Online news: Recirculation and search as the referrer

Earlier today, a publisher was showing me the web site stats and describing how traffic has soared. “Do you know where they are coming from?” I asked.
His expression became more sober. “Well, that’s one of the problems” he replied. “We have lots of information, but we don’t know that.”
IWe agreed would be useful to know how many people were coming in as a result of a news search to read a specific story, how many came via a headline on the home page or other key entry point, such as sports main, and then where they went–did they read one story and leave, or were they recirculated? And if yes, to where?
The conversation went on in much more depth and got into questions of branding, focus, and strategy (with revenue as the backdrop for everything of course). We parted, agreeding to talk further.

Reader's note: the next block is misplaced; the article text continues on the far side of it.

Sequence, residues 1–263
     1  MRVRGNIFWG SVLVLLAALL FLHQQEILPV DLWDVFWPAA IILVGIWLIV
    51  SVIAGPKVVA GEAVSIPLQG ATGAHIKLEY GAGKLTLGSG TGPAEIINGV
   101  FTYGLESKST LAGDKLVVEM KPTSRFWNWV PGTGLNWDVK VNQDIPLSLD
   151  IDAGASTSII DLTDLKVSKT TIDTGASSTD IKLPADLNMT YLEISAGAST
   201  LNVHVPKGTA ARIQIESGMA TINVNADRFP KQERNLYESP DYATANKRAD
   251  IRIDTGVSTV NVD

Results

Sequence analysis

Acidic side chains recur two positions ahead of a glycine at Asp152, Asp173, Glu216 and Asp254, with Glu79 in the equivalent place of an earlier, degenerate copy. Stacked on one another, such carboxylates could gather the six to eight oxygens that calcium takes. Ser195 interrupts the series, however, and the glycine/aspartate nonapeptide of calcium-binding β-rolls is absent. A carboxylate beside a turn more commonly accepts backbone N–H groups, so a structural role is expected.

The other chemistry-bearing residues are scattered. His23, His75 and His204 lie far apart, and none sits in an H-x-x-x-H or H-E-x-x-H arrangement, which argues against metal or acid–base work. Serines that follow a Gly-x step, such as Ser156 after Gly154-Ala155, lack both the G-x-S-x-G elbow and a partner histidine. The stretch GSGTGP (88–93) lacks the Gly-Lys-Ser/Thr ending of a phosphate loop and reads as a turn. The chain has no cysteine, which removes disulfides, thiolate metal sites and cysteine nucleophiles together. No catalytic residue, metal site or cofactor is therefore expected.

I was reminded of the relevance of these questions to many newspaper sites when I read a post on the online news list from the Albuquerque Journal’s Donn Friedman’s on how readers enter his site: 28% from a search; 16% from a Google search and a reply from journalism prof Eric Meyer saying that newspaper sites are commoditizing search and “trivializing” their content.
I think I’d put it another way–in a world where sophisticated search tools make it easy to pull up your content, how do online news sites prepare for readers who may bec oming in as the result of a specific link in an aggregated list? T
his kind of user case makes a news story much closer to a blog post than to a traditional article, in that it is discovered as part of a linking strategy evoked as the result of a query (I am thinking of topix and Google News here). So how best to acquire these users, or at least, recirculate them into the parts of the site?

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